There is always a cost. A manageable way of controlling those costs is to ensure that an efficient defense is maintained on a regular basis. Continuous improvement in cost, quality, delivery, price and manufacturing can result in a steady stream of needed innovation to give the United States a technical and practical edge. True competition and investments in national priorities can help to ensure we are looking at the next need. There is even a school of thought that says that if we do it right, we can prevent wars through preparedness.

If you shut off the value stream, there are consequences.

The companies that provided the ships, planes, weapons, electronics, and so on will gradually lose their ability to provide those items and services on demand. With the loss of business, you also lose the knowledge and skills used to provide those resources. The suppliers that were in their value stream fall away and take up other occupations. So even if the flow was turned back on, something as simple as a screw being missing could prevent the missile from being manufactured in the time frame needed.

In my last job, we went through the agony of seeing the workforce laid off.

The recession cut deep into manufacturing and we could not sustain having so many highly paid technicians standing idly by without orders to fill. Months went by and our suppliers also had to react to decreased orders. Many did not survive the downturn at all.

Then one day, our customers started calling again. Their customers were seeing some light and they needed our components. So we called back our workers and retrained many of them to the newer jobs (as well as some of their old ones). We ramped up production and hit a solid stone wall. Our suppliers (the ones that survived) had a limited amount of inventory on hand and some of it was obsolete. We raced to get new suppliers but even they had to go through the proving process to ensure quality assurance in our final product.

Do you think the customer gave a crap about our problems?

Not a bit. They just saw an opportunity to make money to survive passing them by. It was obvious that the alternative was for us to fill his orders or he would make the decision to go somewhere else.

When it comes to defense, there is no place else. Because of a great number of factors (most of them political) we have a limited amount of primary providers. The value stream of parts and services to support them is just as fragile. We have not protected our manufacturing base as we “globalized”. If we do not carefully manage this current trend in “right-sizing” we will find ourselves for want of a nail at the time we need it most. I wonder if the next enemy will be polite enough to wait for us to ramp back up again?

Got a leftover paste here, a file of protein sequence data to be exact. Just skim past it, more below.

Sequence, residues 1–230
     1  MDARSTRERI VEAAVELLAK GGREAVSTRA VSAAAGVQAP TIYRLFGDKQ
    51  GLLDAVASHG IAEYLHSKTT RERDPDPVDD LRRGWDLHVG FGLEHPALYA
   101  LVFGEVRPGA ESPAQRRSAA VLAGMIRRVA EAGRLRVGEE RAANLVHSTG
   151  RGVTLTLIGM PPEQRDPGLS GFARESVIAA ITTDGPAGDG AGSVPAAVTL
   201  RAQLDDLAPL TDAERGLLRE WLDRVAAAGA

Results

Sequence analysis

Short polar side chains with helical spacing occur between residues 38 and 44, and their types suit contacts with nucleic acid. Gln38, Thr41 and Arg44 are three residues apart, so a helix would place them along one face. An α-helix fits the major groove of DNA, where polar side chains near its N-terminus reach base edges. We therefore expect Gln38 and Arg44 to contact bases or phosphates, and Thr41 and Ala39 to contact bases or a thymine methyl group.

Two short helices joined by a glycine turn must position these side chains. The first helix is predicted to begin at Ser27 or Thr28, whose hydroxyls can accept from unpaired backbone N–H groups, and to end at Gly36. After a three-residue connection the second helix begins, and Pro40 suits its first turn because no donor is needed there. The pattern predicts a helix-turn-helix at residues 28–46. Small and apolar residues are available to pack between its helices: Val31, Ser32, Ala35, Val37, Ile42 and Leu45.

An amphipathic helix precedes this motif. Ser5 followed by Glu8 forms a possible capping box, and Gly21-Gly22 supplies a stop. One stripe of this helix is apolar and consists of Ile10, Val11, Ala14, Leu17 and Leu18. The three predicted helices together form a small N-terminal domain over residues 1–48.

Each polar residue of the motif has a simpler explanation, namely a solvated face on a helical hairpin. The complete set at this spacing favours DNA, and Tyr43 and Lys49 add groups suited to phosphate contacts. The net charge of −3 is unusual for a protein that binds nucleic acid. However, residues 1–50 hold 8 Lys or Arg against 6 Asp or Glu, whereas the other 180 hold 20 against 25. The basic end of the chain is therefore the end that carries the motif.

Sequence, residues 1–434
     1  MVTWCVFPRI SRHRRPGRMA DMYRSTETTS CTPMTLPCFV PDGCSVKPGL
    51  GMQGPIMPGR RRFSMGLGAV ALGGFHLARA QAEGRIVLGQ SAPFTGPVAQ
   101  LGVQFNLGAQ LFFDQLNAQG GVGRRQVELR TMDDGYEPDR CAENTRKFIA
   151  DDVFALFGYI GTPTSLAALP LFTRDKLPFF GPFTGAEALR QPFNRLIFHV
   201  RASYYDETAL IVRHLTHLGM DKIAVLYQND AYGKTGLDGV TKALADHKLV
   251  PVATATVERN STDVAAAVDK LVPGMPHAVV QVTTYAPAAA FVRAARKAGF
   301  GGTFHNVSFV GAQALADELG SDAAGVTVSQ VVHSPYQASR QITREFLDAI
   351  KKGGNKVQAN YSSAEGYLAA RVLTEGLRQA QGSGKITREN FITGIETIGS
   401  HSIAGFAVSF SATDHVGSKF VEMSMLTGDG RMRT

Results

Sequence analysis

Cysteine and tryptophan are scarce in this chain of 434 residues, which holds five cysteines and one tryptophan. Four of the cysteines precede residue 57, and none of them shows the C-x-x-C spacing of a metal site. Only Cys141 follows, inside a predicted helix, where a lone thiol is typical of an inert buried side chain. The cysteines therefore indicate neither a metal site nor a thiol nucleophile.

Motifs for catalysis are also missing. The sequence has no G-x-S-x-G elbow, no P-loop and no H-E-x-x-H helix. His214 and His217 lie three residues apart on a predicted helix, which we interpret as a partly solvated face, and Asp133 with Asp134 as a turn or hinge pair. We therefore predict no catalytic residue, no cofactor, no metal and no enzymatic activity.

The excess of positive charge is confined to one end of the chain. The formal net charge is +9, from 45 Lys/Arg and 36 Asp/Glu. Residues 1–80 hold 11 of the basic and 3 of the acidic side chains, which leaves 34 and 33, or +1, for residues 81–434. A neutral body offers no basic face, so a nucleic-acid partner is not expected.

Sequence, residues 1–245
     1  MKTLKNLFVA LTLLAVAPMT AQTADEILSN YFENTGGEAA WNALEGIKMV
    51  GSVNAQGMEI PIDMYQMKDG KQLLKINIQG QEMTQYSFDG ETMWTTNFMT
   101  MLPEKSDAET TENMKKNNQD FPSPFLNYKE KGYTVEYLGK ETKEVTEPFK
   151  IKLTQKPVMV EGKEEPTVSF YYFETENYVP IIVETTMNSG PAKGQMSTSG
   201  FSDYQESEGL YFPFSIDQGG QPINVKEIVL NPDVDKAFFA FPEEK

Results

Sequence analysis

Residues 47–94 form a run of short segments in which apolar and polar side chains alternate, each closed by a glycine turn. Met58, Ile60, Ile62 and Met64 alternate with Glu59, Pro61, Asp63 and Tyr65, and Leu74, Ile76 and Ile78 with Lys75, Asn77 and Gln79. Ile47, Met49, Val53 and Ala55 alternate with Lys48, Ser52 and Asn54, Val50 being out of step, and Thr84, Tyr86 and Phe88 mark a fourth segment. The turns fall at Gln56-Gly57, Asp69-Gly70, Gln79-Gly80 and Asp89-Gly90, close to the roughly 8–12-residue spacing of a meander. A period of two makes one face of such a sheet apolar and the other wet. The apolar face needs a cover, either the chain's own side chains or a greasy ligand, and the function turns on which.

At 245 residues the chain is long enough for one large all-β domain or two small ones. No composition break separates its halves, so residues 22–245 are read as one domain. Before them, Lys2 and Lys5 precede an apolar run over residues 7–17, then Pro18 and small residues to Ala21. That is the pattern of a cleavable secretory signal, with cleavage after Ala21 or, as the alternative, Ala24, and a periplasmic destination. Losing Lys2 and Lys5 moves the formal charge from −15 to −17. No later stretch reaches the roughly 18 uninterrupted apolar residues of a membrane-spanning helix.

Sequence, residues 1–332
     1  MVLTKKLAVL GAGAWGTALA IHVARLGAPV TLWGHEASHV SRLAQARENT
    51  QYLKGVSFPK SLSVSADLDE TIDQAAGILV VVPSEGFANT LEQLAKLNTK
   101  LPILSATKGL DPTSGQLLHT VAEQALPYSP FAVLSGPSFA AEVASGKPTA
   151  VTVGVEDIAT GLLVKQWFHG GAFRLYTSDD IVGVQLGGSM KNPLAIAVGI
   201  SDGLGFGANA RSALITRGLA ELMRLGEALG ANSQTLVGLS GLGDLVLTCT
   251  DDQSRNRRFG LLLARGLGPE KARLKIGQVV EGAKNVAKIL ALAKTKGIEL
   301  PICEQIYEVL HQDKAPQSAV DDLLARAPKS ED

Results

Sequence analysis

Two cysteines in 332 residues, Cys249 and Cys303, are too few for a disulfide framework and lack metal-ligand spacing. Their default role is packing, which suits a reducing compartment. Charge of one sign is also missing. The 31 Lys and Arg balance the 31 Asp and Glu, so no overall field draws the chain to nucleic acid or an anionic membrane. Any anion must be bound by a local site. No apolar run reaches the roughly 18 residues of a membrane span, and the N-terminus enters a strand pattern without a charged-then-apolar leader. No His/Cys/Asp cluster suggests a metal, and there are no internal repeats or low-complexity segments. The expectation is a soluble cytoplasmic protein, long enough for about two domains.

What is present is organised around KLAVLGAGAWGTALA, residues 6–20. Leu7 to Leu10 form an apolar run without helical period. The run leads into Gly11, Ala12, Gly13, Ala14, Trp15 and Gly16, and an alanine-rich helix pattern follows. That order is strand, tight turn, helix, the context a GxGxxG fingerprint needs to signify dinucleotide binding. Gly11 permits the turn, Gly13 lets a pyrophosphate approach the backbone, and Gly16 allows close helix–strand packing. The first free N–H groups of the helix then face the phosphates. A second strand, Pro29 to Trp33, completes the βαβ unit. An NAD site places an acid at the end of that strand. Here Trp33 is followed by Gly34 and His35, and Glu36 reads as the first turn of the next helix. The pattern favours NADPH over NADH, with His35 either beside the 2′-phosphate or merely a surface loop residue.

As you look at your leaders in the coming months, look carefully at the ones who recognize the consequences of these decisions. Call them out on it. If the answer does not include a plan to defend this nation, carefully consider if this person is worth the vote you will cast. No Party’s. Only a person who will eventually make decisions that effect all of our futures.

As the old saying goes, you can pay me now, or you can pay me later. But you will pay.

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Mister Mac

6 comments

  1. I am told that we will be, in many cases, back to pre-WWI levels. As a submarine veteran who also served in the Army I foresee the dangers involved in cutbacks to both these services. I am convinced that the SSBN force was a large part of the collapse of the Soviet Union, and I am also convinced that the bear may be hibernating but is not dead. For the most part those making these decisions are looking only at dollar signs and have little interest in real-world threat-levels. God help us if their sharp knives are not halted.

  2. Reblogged this on nebraskaenergyobserver and commented:
    The Leansubmariner has some thoughts (and they are not pleasant) on the administrations plans and method of cutting defense spending. Mac has far more expertise in this area than I do but, what struck me here, besides that I agree, is that when your value stream is gone, it is GONE until you rebuild it. IF you can.
    Read and Heed; the world is not getting more peaceful

  3. Pingback: Scandalous: Barack Hussein Obama Pulls Combat Pay for US Troops « PUMABydesign001′s Blog « nebraskaenergyobserver

  4. Excellent post!! More people need this article put in front of them or maybe, due to lack of intelligence, it should be read to them. None of the ‘powers-that-be’ today have learned one blessed thing from history – not one single lesson!